Greg and Danny are in love, but Greg is from UK and Danny from US. They are luckier than other people in their same situation, they have the means to be able to see each other frequently while testing the waters of their relationship, and then trying to leave a part-time relationship until the day law will allow them to stay together forever. So money is not one of the issues they have to consider, but nevertheless their situation is not easy. Danny’s mother is actually the worst enemy of their relationship, way more than immigration. From a very conservative church, Vivien considers Greg the devil in flesh, the one who will bring down her pious son (doesn’t matter that Danny was gay and out way before meeting Greg). Here maybe is the only point where I wish Greg emphasized the story for the readers, cause knowing that people like Vivien are out there it scares me a little; unfortunately, I know they are, and that, most scaring of everything, they really believe they are on the right side and only doing good.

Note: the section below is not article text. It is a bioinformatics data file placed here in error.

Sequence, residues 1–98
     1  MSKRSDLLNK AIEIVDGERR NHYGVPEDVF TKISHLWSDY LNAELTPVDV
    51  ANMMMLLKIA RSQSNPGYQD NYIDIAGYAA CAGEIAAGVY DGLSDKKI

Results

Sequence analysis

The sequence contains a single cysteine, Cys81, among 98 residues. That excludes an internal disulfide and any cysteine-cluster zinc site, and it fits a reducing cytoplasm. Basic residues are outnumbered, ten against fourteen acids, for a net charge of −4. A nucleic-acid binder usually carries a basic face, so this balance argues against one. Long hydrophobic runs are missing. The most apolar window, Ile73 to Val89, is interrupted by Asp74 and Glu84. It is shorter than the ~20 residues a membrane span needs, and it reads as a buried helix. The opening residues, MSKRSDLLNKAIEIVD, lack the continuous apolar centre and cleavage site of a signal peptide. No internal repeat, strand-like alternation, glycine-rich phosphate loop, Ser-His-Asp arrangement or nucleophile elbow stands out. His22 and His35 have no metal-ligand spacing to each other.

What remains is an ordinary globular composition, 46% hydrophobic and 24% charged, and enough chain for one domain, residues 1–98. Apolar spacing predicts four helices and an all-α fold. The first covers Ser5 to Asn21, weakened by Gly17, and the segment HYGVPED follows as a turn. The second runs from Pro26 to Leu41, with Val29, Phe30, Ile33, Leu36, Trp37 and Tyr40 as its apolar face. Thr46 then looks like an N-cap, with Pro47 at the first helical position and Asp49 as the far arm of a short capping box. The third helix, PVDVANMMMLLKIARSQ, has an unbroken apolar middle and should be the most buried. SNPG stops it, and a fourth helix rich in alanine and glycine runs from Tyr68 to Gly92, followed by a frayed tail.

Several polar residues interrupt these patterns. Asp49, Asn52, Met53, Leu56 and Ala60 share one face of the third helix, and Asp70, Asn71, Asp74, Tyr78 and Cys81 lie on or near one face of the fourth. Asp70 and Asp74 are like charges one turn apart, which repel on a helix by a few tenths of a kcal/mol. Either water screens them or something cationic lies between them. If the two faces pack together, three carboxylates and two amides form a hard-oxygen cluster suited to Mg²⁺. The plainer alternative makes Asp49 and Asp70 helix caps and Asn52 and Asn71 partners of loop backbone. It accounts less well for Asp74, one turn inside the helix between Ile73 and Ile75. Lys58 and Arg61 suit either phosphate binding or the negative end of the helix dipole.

The British Devil was released before DOMA struck down, so I suppose now things will change for Greg and Danny, and for all the other inter-national same-sex couples, but if you were worried like me that a memoirs couldn’t be romantic, do not worry, as I said, The British Devil is one of the best romance I have read.
Paperback: 290 pages
Publisher: Dreamspinner Press (July 30, 2012)
Amazon: The British Devil
Amazon Kindle: The British Devil
This journal is friends only. This entry was originally posted at http://reviews-and-ramblings.dreamwidth.org/3978745.html. If you are not friends on this journal, Please comment there using OpenID.